Guide highlights black history in Canada

Students across the country are being provided with a primer on black history in Canada just in time for Black History Month.

Students across the country are being provided with a primer on black history in Canada just in time for Black History Month.

The Historica-Dominion Institute is behind the Black History in Canada Education Guide, which has been shipped to more than 3,000 high schools. The institute is the country’s largest charitable organization dedicated to Canadian history, identity and citizenship.

Jeremy Diamond, the institute’s director of development and programs, said the idea stemmed from the success they had creating a similar campaign around Paul Gross’s film Passchendaele a couple of years ago.

Diamond said they found young people were starved for primary sources and popular culture references to help them learn about Canadian history.

They encouraged the filmmakers to work with them on a public education campaign to help drive youngsters to the movies to learn more about the country’s history and the First World War.

“What we wanted to do with this guide in a similar vein is to use a popular book, like The Book of Negroes, as a foray into learning about the experience of black history in Canada,” Diamond said in an interview.

He said the guide focuses on the story of black Canadians and black history in Canada over 400 years, while drawing on Lawrence Hill’s award-winning novel as an example of the black Canadian experience in the 19th century.

The guide also includes a message from the author.

The Book of Negroes tells the story of an 11-year-old girl who is abducted from her village in West Africa and enslaved in North Carolina.

She forges her way to freedom years later, serving the British in the Revolutionary War and registering her name in the Book of Negroes, a record of some 3,000 black Loyalists who left the U.S. to resettle in Nova Scotia.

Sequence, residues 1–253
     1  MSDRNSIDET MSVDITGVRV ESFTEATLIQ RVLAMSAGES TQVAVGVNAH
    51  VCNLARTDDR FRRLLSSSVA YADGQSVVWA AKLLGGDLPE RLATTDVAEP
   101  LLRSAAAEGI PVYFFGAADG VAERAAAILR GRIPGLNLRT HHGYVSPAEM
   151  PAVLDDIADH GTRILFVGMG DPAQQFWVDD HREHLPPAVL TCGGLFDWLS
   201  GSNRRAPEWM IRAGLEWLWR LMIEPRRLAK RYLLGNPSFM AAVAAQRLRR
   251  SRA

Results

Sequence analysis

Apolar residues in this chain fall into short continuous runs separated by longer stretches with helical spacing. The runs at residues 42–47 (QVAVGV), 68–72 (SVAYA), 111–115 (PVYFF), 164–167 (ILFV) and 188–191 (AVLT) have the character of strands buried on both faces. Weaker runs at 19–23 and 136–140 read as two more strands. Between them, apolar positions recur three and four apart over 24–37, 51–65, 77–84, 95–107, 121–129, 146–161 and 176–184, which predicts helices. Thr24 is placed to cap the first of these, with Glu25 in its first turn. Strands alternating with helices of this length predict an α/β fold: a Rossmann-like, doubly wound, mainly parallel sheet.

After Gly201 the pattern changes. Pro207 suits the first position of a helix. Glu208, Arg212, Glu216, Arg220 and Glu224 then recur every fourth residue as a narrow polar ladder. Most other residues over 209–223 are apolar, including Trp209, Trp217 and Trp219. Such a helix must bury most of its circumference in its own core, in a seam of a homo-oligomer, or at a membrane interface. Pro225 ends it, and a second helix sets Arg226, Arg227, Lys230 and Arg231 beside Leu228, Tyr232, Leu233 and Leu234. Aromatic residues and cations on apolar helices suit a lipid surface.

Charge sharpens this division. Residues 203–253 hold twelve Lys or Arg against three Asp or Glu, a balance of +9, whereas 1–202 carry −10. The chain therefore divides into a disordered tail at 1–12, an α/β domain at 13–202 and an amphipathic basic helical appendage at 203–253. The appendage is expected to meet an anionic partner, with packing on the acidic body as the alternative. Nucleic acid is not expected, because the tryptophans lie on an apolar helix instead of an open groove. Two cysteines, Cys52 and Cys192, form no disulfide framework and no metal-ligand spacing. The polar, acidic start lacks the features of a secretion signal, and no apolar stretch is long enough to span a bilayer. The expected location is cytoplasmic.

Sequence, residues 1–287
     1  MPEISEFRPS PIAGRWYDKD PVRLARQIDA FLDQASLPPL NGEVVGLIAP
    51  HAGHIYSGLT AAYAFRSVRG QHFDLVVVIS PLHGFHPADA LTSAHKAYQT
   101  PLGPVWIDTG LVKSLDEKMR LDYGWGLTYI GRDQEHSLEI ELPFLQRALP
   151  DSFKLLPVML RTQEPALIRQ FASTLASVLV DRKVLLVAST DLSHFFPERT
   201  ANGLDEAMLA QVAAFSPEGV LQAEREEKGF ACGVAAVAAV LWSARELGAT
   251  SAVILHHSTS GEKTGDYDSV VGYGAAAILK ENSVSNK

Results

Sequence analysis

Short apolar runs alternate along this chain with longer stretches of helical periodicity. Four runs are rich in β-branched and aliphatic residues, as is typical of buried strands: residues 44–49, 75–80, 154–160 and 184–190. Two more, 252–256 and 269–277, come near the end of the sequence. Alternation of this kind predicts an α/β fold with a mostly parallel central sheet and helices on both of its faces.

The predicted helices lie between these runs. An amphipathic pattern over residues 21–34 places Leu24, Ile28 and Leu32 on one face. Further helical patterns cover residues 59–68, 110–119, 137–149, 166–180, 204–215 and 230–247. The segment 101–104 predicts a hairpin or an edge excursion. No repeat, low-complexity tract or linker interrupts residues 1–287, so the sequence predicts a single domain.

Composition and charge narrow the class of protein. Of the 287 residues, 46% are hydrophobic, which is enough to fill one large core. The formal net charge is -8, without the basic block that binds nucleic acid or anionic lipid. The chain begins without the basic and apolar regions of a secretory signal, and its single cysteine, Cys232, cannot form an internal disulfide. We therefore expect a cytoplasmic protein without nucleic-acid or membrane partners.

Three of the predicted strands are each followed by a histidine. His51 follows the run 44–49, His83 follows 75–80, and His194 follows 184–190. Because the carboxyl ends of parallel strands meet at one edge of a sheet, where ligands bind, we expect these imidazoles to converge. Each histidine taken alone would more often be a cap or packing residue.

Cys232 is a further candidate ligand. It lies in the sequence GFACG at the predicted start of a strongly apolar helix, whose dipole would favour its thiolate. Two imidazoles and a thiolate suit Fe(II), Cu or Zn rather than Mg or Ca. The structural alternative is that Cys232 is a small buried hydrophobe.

Diamond said they use different subjects or themes such as slavery and human rights which they’re able to draw from the book to explore the larger perspective of black history in Canada.

“We often think of the United States, we often think of the Civil War and slavery, but we have our own story here in Canada when it comes to black settlement,” he said. “It’s talked about in the book, and we expand on that as part of the guide to be used in the classroom.”

The guide is supplemented with a website, www.blackhistorycanada.ca that has interactive learning tools and online resources. The guide is also accessible through the site.

“It really makes history come alive for young people because they can read a story, learn about the events, accomplishments and figures in black Canadian history, and then use the guide in their classrooms as part of a learning exercise with teachers.”

It also features a timeline of key events, from the arrival in 1605 of Mathieu Da Costa, a translator for Samuel de Champlain thought to be the first black person on Canadian soil, to Michaelle Jean becoming the country’s first black governor general in 2005.

Contemporary culture and modern-day figures are also highlighted, including the late jazz pianist Oscar Peterson, musician K’naan, filmmaker Clement Virgo, author Austin Clarke and Toronto Argonauts vice-chair and retired player Mike (Pinball) Clemons.

“Every day history’s being written, so to look at a long period of time or a narrative around black history you can’t end in, say, the 1860s, or in the turn of the 20th century,” Diamond said.

“We need to continue to look at how black Canadians are continuing to make an impact in Canada, the same way as they were 400 years ago.”